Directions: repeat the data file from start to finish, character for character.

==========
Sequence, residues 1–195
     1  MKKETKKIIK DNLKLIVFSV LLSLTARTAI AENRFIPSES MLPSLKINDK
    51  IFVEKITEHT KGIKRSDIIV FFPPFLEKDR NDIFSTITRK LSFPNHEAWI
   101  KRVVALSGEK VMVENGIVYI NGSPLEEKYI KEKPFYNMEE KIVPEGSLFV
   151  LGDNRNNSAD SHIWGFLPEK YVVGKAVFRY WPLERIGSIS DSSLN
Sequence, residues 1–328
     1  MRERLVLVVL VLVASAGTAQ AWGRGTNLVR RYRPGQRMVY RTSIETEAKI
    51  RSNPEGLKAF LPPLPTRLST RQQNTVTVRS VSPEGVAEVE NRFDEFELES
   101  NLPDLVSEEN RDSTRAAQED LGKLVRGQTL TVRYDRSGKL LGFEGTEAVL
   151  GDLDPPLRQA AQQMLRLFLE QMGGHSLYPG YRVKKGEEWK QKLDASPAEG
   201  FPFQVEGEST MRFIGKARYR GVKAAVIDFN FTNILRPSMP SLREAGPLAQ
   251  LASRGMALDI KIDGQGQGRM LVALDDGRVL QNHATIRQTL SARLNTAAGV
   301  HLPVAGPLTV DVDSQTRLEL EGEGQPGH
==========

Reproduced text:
Sequence, residues 1–195
     1  MKKETKKIIK DNLKLIVFSV LLSLTARTAI AENRFIPSES MLPSLKINDK
    51  IFVEKITEHT KGIKRSDIIV FFPPFLEKDR NDIFSTITRK LSFPNHEAWI
   101  KRVVALSGEK VMVENGIVYI NGSPLEEKYI KEKPFYNMEE KIVPEGSLFV
   151  LGDNRNNSAD SHIWGFLPEK YVVGKAVFRY WPLERIGSIS DSSLN
Sequence, residues 1–328
     1  MRERLVLVVL VLVASAGTAQ AWGRGTNLVR RYRPGQRMVY RTSIETEAKI
    51  RSNPEGLKAF LPPLPTRLST RQQNTVTVRS VSPEGVAEVE NRFDEFELES
   101  NLPDLVSEEN RDSTRAAQED LGKLVRGQTL TVRYDRSGKL LGFEGTEAVL
   151  GDLDPPLRQA AQQMLRLFLE QMGGHSLYPG YRVKKGEEWK QKLDASPAEG
   201  FPFQVEGEST MRFIGKARYR GVKAAVIDFN FTNILRPSMP SLREAGPLAQ
   251  LASRGMALDI KIDGQGQGRM LVALDDGRVL QNHATIRQTL SARLNTAAGV
   301  HLPVAGPLTV DVDSQTRLEL EGEGQPGH